Textile Designing is a creative field. If you're observant and creative
you can create your own motifs on the computer, but a formal training
definitely helps to a certain degree.
Tasks and Skills of a Textile
Textile designers use traditional and modern textile manufactUring
and decoration processes to create textiles for clothing and domestic
and commercial furnishings.
Tasks and duties
Textile designers may do some or all of the following:
• work with clients to develop design briefs.
• advise clients on colours and yarns.
• draw the design on paper first and then on a computer using
textile design software.
• select the colours and designs for making the fabric.
• paint designs for printing.
• produce a sample of the fabric on a sample machine.
• instruct the machine technicians to set up machines in a particular
• instruct the finishers to adjust the fmish to the final textile product.
• research the textile market for future fashion trends.
• work with customers to develop lines of textiles for the coming
II Tasks and Skills of a Textile Designer
• record technical information, such as type and density of yarn, so
that fabric costs can be calculated.
Textile designers need to have:
• creative ability and sound drawing and design skills.
• skills in textile design creation on computers.
• calculation and problem-solving skills.
• design brief interpretation skills.
• good communication skills.
• market research skills to work out the demands of the fabric and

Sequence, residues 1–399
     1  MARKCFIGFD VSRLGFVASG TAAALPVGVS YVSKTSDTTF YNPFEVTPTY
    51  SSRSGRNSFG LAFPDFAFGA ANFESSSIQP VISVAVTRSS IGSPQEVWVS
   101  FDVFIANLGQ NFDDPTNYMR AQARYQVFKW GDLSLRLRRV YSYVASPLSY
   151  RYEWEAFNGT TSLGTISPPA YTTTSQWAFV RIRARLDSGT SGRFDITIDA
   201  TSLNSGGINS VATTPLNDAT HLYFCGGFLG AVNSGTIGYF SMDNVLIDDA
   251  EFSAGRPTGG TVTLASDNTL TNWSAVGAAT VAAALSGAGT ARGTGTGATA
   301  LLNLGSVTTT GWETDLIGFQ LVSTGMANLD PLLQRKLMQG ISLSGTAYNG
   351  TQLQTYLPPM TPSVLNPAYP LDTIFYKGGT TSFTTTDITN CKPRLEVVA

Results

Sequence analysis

• team skills and the ability to give and take instructions.
• an ability to work to deadlines.
• to be familiar with computer-aided design and marking.
Basic word processing and data entry skills are also useful.
Textile designers must know about:
• traditional and modern textile manufacturing processes and
• textile materials and their properties.
• how different weaving structures can be used.
• how garments are made, when designing clothing fabric.
• interior design, when designing commercial and domestic interior
• fashion trends and technical advances in the textile design and
Note: Before you pass a woven design on to a mill, you have to
understand the weaving process, the different methods of weaving
and types of fabric and know how contrasting colours are woven
Make a Career in Trxtile and Fashion Designinp II
together to get the desired effect.
Textile designers need to have:
• a strong sense of fashion.
• a good eye for colour, pattern, shape and detail.
• accurate and careful work habits.
• the ability to make sound judgements.
• the ability to compromise in order to create the textile designs
their customers want or to meet manufacturers' requirements.